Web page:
Just the same I found this AWD model more fun to drive than the RWD version due to more responsive handling and better grip through corners. This isn’t unique to the HRV, some others in the class also much more enjoyable to drive with their upgraded AWD systems. It also tracks very well on the highway while delivering an extremely comfortable ride for this class. That previously noted Sport mode allows more revs from the engine before the transmission shifts, although this is a CVT and thus the shifts aren’t real and certainly don’t feel very direct, but rather deliver that rubber band sensation that commonly gets criticized when discussing this type of “gearbox”. Rowing up and down the CVT’s paddles is an equally unsatisfying experience. They can be useful for a quick downshift at times, but really the CVT finds the engine’s optimal rev range more often than not, even when left in regular Drive mode. That’s where I kept it most of the time, because it just felt better, driving smoother and no doubt more efficiently.
Aiding efficiency, the HR.V’s Eco Assist driving coach helps drivers achieve the best possible fuel economy, whereas Honda’s Econ mode goes easier on power application and keeps engine revs to a minimum in order to save on fuel. Driving with an eye to the environment certainly reduces consumption, the HR-V good for an EPA claimed 25 mpg city, 34 highway and 28 combined with the manual and its lone front-wheel drivetrain, or 28 city, 35 highway and 31 combined with the FWD CVT. My as-tested AWD CVT was rated at 27 mpg city, 32 highway and 29 combined. As fun as the manual might be to drive, it’s easy to see how the CVT can quickly pay off at the pump.
Dollars and cents in mind, you can get into a base manual-equipped HR-V 2WD LX for only $19,215 plus freight and dealer fees or $20,015 for the CVT plus another $1,300 for AWD, while its impressive load of features includes 17-inch wheels, auto-off halogen headlamps, body-color side mirror caps, body-color front door handles (the black matte rear door handles are integrated within the black D-pillar/rear quarter window surrounds), a body-color rooftop spoiler, LED taillights, remote entry, an electromechanical parking brake, powered side mirrors with a driver’s side blindspot mirror, one-touch turn signals, power windows, a tilt and telescopic steering wheel with illuminated audio and multi-information/infotainment switchgear plus Bluetooth phone and cruise buttons, while the standard list continues with filtered single-zone auto climate control, five-inch color LCD infotainment with a multi-angle rearview monitor featuring static guidelines, plus four-speaker 160-watt AM/FM/CD/MP3/WMA audio with speed-sensitive volume, Bluetooth streaming audio, two USB ports, an aux jack and HDMI interface. Additional standard kit includes three 12-volt power outlets, rear seat heating ducts, an LED pocket light, cargo area tie-downs, and of course those Magic Seats mentioned earlier.
Standard safety features aren’t that out of the ordinary with four-wheel disc brakes with ABS, electronic brake-force distribution and emergency brake assist, traction and stability control, hill start assist and tire pressure monitoring, as well as all the usual airbags.
The mid-grade 2WD EX model that’s priced at $21,265, for the manual, $22,026 for the CVT and $23,365 for the CVT with AWD, and adds 17-inch alloys, auto on/off headlights, fog lamps, turn signals integrated into the upgraded heatable side mirror housings, proximity-sensing access with pushbutton ignition, variable intermittent wipers, chrome interior door handles, heatable front seats, dual-zone auto HVAC, larger seven-inch color high-resolution touchscreen infotainment with a multi-angle rearview monitor featuring dynamic guidelines, Honda’s exclusive LaneWatch blindspot display that projects a real-time rearward view of the car’s passenger side onto the infotainment display when employing the right turn signal, next-generation HondaLink smartphone integration with text message capability, a 180-watt audio upgrade with six speakers and an additional USB port, illuminated vanity mirrors, a powered moonroof, and rear tinted privacy glass, while models equipped with the CVT include the previously noted paddle shifters.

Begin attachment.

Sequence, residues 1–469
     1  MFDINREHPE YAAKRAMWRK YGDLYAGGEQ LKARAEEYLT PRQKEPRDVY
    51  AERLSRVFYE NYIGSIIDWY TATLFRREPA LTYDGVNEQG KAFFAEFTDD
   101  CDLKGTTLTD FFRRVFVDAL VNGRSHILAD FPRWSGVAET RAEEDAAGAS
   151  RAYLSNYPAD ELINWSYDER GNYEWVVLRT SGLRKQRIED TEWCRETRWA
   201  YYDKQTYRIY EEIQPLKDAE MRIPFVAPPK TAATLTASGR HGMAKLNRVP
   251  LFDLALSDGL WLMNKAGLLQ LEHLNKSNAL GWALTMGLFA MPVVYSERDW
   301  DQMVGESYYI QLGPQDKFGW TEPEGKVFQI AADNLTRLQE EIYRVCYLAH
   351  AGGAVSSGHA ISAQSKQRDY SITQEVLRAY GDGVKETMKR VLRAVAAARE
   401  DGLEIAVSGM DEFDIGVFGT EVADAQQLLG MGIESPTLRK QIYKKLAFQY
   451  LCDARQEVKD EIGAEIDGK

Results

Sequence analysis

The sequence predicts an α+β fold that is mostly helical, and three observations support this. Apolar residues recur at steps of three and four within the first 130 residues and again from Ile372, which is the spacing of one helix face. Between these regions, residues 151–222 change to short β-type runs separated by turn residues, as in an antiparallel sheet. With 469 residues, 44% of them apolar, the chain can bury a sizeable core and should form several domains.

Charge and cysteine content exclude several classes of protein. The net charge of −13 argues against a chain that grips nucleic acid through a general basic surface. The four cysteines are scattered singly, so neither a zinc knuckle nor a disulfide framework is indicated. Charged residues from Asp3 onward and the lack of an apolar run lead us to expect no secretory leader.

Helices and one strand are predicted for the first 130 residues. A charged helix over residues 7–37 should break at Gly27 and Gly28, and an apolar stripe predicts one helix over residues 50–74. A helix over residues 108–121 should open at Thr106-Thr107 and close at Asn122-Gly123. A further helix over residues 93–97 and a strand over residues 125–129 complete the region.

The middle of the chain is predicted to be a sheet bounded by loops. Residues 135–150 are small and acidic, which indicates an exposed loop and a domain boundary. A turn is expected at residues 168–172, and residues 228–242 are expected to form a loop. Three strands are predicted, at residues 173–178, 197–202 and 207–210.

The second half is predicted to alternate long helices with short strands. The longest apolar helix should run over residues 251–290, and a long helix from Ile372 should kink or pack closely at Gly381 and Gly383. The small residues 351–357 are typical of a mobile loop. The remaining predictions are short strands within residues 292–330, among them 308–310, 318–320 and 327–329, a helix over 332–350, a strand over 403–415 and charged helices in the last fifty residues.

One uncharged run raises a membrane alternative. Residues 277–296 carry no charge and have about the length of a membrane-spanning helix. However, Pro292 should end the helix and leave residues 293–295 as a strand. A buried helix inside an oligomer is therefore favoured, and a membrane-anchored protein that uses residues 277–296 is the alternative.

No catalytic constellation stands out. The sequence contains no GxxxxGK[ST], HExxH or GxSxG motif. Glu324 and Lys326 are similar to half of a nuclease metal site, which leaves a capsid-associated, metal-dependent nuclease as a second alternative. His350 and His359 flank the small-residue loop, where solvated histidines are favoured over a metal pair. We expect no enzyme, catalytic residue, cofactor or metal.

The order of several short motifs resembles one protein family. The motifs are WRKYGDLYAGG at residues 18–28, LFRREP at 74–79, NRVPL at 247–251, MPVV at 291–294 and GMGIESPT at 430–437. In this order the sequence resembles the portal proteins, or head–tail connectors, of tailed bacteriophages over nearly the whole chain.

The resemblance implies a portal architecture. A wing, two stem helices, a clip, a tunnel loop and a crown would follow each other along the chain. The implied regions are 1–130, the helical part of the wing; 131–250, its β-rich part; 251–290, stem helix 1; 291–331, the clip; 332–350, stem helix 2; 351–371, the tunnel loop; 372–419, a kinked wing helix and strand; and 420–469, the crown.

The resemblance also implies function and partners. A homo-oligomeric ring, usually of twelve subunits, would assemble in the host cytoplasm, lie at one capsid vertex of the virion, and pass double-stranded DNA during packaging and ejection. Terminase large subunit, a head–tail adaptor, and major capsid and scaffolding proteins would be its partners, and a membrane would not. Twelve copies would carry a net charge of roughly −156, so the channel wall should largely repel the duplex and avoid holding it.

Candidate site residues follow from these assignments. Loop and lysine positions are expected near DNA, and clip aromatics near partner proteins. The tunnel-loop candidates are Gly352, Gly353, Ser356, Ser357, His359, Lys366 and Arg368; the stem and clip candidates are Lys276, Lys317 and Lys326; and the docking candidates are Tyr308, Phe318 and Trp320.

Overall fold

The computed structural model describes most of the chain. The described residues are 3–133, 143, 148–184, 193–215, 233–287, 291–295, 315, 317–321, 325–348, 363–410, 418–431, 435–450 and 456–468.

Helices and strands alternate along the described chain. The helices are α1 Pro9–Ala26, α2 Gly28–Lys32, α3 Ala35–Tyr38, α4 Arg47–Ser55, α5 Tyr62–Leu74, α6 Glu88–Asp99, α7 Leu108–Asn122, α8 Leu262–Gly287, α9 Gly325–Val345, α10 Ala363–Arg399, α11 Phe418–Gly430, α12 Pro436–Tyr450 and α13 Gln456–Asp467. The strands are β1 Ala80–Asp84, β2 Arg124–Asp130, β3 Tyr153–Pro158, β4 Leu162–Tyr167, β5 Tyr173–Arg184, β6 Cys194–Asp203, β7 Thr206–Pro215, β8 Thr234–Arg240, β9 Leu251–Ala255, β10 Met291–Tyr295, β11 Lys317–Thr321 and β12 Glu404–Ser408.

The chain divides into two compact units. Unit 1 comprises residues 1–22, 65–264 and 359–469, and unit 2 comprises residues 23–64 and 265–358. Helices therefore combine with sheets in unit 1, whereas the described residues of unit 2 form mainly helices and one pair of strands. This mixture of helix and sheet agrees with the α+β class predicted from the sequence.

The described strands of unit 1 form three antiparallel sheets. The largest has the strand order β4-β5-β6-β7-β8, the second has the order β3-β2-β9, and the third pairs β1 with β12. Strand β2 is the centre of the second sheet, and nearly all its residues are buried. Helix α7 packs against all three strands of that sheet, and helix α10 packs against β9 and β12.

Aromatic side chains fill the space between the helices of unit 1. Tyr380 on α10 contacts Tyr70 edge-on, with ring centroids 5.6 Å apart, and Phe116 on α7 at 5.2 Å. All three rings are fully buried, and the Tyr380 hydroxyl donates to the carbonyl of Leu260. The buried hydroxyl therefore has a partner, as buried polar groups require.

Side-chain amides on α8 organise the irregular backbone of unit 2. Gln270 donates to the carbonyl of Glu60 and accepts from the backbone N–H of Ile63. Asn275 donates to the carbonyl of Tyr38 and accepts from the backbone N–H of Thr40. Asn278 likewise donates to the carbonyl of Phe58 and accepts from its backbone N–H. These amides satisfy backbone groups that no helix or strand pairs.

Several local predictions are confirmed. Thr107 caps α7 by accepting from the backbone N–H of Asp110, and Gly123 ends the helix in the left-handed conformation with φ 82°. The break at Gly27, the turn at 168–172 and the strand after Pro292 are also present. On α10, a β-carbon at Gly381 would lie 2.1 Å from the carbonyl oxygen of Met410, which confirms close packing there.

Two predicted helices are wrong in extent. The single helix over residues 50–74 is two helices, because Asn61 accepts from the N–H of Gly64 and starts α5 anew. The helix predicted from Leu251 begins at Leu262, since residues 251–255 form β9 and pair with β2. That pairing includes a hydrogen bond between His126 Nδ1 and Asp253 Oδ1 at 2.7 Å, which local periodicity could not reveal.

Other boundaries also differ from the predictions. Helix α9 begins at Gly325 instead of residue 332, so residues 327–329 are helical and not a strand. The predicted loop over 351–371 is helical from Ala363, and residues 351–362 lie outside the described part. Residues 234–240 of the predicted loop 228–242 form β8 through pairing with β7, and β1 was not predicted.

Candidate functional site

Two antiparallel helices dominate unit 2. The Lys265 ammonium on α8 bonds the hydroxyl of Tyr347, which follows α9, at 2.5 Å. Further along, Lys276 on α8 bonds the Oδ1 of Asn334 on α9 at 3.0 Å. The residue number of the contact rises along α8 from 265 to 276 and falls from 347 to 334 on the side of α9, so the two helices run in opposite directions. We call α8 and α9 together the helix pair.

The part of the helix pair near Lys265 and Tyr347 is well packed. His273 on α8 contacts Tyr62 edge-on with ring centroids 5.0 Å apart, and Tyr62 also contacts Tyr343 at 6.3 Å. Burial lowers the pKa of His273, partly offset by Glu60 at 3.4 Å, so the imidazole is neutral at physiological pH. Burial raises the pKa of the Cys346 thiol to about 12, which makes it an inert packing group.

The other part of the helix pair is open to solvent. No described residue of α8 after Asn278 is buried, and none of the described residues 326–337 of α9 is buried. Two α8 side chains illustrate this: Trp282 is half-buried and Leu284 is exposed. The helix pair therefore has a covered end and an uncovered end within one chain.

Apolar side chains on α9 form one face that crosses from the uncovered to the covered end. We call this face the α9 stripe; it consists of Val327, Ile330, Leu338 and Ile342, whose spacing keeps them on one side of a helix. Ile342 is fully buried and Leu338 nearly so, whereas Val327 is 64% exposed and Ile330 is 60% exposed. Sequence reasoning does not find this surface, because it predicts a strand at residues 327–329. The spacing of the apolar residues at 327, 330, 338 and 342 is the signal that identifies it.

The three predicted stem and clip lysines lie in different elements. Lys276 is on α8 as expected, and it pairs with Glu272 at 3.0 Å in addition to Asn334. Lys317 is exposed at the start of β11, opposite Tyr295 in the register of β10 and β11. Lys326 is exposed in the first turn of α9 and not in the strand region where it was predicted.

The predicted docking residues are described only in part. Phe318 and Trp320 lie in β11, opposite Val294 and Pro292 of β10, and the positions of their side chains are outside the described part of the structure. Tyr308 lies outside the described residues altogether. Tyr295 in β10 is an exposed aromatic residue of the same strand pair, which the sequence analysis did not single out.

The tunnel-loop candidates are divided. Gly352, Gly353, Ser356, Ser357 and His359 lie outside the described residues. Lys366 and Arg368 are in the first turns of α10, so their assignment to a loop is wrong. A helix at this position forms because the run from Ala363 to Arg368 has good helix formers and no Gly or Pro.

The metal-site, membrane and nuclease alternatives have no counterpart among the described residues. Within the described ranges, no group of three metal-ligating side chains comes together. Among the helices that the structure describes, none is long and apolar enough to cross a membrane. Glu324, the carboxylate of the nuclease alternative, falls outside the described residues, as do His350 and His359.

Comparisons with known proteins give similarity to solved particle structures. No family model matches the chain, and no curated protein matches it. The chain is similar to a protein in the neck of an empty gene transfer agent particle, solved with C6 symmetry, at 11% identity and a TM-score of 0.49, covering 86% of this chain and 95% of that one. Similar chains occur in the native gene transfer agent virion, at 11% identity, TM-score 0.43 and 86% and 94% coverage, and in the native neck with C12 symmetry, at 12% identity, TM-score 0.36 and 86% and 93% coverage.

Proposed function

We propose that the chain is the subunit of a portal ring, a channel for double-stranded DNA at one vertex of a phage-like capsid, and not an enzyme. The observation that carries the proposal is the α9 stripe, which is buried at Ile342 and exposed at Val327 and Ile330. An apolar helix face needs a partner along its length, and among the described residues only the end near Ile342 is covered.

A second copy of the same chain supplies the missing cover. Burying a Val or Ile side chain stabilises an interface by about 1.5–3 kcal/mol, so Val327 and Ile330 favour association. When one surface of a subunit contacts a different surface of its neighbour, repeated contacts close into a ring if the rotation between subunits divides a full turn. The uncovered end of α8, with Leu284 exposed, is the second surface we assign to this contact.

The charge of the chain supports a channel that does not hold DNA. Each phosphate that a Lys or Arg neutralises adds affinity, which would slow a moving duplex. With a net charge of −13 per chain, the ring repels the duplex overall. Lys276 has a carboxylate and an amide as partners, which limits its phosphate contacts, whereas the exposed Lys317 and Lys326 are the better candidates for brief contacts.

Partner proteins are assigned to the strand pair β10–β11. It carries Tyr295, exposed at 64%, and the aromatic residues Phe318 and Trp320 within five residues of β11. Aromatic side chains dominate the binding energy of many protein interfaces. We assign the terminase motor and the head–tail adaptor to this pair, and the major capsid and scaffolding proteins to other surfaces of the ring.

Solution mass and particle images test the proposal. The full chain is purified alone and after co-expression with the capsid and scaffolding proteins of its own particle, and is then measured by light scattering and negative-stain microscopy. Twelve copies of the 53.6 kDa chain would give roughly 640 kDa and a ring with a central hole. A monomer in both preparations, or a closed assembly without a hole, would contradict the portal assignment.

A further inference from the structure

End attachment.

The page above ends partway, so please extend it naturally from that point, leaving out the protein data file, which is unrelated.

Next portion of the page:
The top-tier EX-L Navi can be had for $24,690 with FWD or $25,990 with AWD and adds roof rails, an auto-dimming rearview mirror, a leather-wrapped steering wheel and shift knob, leather upholstery in black or as-tested gray depending on the exterior color, HondaLink navigation with voice recognition, HD and satellite radio. and more.
No matter the trim the NHTSA awarded the HR-V 5 stars, while its IIHS crash tests resulted in top “Good” marks for moderate overlap front tests, roof strength tests plus crash tests for the head restraints and seats, although only “Acceptable” ratings for the small overlap front and side impact tests, which is pretty decent although not enough for a Top Safety Pick rating like its bigger CR-V brother. That said if Honda offered it with lane departure warning and forward collision warning as is done in other markets it may score higher. On this subject the bestselling Buick Encore gets the revered Top Safety Pick ranking, while the poorest selling Fiat 500X achieved the even more coveted Top Safety Pick + rating.
I don’t think the HR-V’s imperfect safety rating is going to affect sales a heck of a lot, simply because it does most everything else so very well. Yes, this little Honda SUV has struck a chord with new subcompact SUV buyers, its cute pudgy appearance, roomy well-made and impressively flexible interior, and its dazzling array of leading tech toys delivering big. Really, you won’t find an easier vehicle to live with this side of a minivan.
While recommending the HR-V is a given, I leave this review with a parting thought: it only took Honda eight months to achieve fourth place in subcompact SUV sales, so imagine what it can do with four more? Expect big things from this little SUV in 2016.
Story credits: Trevor Hofmann, American Auto Press; Photo credits: Karen Tuggay, American Auto Press; Copyright: American Auto Press.